The Enemy really hates holy water.   One of the explicit purposes of holy water is to put demons to flight wherever it is sprinkled.  In exorcising and blessing the salt used for holy water, the priest says: “may [it] rid whatever it touches or sprinkles of all uncleanness and protect it from every assault of evil spirits.”  In exorcising and blessing the water: “I exorcise you so that you may put to flight all the power of the Enemy, and be able to root out and supplant that Enemy with his apostate angels”.  In blessing the combined water and salt: “Let whatever might menace the safety and peace of those who live here be put to flight by the sprinkling of this water”.

Heavy lifting, indeed!

St. Teresa of Avila in chapter 31 her autobiography explains how she was being tormented by demons.   She used holy water against them and wrote:

“From long experience I have learned that there is nothing like holy water to put devils to flight and prevent them from coming back again. They also flee from the Cross, but return; so holy water must have great virtue.”

Demons can tell the difference, even if we can’t

So, why use anything iffy?

BTW… just for your additional instruction, here is a side by side comparison of the older, traditional rite of blessing holy water, and the newer, post-Conciliar rite.  I won’t concern myself with matching them up because I have plenty to do today.

Read these and then ask yourself which you would rather use.

Try to find the specific words of blessing in each version.


1391  The celebrant begins with these words:

In the name of the Father, and of the Son, and of the Holy Spirit.

All make the sign of the cross and reply:


1392  The celebrant greets those present in the following or other suitable words, taken mainly from Scripture.

May God, who through water and the Holy Spirit has given us a new birth in Christ, be with you all.

All make the following or some other suitable reply.

And with your spirit.

1393  As circumstances suggest, the celebrant may prepare those present for the blessing in the following or similar words.

The blessing of this water reminds us of Christ, the living water, and of the sacrament of baptism, in which we were born of water and the Holy Spirit. Whenever, therefore, we are sprinkled with this holy water or use it in blessing ourselves on entering the church or at home, we thank God for his priceless gift to us and we ask for his help to keep us faithful to the sacrament we have received in faith.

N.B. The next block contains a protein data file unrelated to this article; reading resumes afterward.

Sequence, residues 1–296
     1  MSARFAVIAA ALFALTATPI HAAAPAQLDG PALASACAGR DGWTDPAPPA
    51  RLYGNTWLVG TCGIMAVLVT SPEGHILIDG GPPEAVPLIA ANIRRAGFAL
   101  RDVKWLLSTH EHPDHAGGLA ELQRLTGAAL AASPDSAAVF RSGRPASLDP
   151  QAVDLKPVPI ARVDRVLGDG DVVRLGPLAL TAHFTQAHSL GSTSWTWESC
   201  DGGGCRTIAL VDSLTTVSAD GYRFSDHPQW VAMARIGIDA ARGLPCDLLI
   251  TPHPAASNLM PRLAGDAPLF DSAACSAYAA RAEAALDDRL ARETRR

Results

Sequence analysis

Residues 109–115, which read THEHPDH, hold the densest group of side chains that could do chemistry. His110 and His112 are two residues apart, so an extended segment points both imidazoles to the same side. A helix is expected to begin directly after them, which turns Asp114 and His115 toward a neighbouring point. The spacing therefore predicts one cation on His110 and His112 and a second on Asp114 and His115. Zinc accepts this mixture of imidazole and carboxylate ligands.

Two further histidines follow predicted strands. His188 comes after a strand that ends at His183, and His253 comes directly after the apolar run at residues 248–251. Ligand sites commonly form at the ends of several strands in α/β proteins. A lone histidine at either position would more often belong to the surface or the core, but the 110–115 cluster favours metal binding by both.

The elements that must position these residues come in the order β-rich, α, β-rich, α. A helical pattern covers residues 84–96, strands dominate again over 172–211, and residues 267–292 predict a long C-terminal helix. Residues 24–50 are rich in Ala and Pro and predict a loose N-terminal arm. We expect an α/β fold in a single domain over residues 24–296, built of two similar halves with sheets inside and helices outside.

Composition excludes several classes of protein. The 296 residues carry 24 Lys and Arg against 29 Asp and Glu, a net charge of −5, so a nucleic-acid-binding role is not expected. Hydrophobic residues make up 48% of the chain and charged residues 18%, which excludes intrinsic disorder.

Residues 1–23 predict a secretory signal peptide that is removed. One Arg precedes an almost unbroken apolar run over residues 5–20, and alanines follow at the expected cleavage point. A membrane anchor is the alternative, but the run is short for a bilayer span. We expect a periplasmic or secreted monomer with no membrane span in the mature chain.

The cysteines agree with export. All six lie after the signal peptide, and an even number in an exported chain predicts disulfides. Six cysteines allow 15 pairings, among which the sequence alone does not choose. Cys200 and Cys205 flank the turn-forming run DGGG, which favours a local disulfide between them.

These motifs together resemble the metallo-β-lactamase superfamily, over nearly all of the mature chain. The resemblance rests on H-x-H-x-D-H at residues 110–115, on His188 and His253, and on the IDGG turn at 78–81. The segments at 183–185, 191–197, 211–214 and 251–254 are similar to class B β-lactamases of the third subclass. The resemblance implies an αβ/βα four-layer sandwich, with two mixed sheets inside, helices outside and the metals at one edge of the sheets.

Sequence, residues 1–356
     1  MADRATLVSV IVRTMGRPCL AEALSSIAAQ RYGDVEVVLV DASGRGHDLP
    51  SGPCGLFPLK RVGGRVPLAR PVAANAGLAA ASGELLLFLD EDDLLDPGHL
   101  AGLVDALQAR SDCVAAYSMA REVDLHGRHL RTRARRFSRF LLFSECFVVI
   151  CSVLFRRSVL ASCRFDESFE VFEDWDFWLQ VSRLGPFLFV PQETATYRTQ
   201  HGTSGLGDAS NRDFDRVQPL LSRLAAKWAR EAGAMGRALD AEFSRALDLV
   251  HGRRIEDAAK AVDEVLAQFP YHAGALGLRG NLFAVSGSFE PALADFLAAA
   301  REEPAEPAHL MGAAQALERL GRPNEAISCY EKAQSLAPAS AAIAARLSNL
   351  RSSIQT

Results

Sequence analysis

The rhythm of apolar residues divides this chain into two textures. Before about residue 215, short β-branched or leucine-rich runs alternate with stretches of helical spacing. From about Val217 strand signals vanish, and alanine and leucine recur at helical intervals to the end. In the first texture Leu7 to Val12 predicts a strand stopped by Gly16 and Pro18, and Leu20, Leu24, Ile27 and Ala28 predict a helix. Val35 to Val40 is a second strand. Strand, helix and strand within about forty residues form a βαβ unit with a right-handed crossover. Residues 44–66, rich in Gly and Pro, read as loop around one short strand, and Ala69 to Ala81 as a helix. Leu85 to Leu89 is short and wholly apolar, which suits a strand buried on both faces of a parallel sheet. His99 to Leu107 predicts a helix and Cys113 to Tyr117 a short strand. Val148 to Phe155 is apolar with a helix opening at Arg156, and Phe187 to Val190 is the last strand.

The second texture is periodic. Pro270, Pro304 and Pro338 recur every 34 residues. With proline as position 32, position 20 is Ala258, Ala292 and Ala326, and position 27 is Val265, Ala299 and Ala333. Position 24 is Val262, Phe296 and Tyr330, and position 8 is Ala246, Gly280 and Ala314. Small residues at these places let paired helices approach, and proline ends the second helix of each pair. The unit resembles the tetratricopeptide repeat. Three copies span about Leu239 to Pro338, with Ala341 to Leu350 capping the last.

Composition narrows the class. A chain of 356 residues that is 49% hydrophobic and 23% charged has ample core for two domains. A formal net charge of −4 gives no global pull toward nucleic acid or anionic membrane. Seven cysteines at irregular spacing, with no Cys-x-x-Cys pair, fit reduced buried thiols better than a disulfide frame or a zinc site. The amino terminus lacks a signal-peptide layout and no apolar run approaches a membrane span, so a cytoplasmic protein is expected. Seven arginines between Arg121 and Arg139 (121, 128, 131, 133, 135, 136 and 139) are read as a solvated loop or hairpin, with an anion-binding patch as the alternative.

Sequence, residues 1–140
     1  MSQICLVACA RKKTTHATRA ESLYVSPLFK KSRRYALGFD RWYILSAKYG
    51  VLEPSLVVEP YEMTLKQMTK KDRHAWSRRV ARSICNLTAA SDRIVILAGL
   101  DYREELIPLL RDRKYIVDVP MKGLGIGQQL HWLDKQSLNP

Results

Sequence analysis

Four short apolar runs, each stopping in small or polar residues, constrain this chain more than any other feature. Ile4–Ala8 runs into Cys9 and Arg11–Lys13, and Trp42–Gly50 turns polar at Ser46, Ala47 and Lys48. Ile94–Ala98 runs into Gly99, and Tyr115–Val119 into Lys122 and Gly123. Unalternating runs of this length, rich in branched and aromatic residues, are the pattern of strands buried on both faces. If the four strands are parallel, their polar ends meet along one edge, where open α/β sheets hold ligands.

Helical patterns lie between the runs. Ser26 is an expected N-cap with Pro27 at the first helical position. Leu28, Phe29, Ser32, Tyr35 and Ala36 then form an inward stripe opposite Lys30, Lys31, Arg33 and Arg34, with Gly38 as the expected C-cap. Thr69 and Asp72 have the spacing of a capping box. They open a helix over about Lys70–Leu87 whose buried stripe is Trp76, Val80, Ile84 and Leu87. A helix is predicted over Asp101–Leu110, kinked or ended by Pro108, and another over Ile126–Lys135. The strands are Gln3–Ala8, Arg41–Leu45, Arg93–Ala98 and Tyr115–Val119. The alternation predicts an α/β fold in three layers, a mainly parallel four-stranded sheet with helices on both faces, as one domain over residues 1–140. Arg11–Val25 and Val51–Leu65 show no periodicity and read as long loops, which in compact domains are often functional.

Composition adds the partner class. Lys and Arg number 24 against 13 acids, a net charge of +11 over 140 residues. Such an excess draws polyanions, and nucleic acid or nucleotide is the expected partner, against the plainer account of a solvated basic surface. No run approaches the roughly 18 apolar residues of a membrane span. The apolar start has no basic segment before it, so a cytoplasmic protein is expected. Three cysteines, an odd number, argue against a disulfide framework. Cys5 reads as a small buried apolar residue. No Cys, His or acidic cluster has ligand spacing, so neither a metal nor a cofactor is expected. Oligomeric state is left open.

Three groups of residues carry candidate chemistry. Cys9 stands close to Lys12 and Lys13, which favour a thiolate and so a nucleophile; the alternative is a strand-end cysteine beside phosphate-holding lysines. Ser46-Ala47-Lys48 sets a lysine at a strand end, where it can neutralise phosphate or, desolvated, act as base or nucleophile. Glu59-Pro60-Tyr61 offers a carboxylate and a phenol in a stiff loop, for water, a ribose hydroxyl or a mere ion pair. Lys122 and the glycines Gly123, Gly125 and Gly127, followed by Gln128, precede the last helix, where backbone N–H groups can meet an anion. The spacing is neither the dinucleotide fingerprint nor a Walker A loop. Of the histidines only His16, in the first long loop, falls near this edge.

1394  A reader, another person present, or the celebrant reads a short text of Sacred Scripture.



1396  After the reading, the celebrant says:

Let us pray.

All pray briefly in silence, then with hands outstretched, the celebrant says the prayer of blessing.

Blessed are you, Lord, all-powerful God,
who in Christ, the living water of salvation,
blessed and transformed us.
Grant that, when we are sprinkled with this water or make use of it,
we will be refreshed inwardly by the power of the Holy Spirit
and continue to walk in the new life we received at baptism.
We ask this through Christ our Lord.

R. Amen.

1397  Or:

Lord, holy Father,
look kindly on your children,
redeemed by your Son
and born to a new life by water and the Holy Spirit.
Grant that those who are sprinkled with this water
may be renewed in body and spirit
and may make a pure offering of their service to you.
We ask this through Christ our Lord.

R. Amen.

1398  Or the celebrant says:

O God, the creator of all things,
by water and the Holy Spirit
you have given the universe its beauty
and fashioned us in your own image.

R. Bless and purify your Church.

O Christ the Lord, from your pierced side
you gave us your sacraments
as fountains of salvation.

R. Bless and purify your Church.

O Holy Spirit, giver of life,
from the baptismal font of the Church
you have formed us into a new creation
in the waters of rebirth.

R. Bless and purify your Church.

1399  After the prayer of blessing, the celebrant sprinkles those present with holy water, as a suitable song is sung; as circumstances suggest, he may first say the following words.

Let this water call to mind our baptism into Christ,
who has redeemed us by his death and resurrection.

R. Amen.



(Priest vests in surplice and purple stole)

P: Our help is in the name of the Lord.
R: Who made heaven and earth.


Exorcism and Blessing of Salt (necessary for Exorcism of Water)


P: O salt, creature of God, I exorcise you by the living + God, by the true + God, by the holy + God, by the God who ordered you to be poured into the water by Elisha the prophet, so that its life-giving powers might be restored. I exorcise you so that you may become a means of salvation for believers, that you may bring health of soul and body to all who make use of you, and that you may put to flight and drive away from the places where you are sprinkled; every apparition, villainy, turn of devilish deceit, and every unclean spirit; adjured by him who will come to judge the living and the dead and the world by fire.

R: Amen.

P: Let us pray. Almighty and everlasting God, we humbly implore you, in your immeasurable kindness and love, to bless + this salt which you created and gave to the use of mankind, so that it may become a source of health for the minds and bodies of all who make use of it. May it rid whatever it touches or sprinkles of all uncleanness, and protect it from every assault of evil spirits. Through Christ our Lord.

R: Amen.

Exorcism and Blessing of Water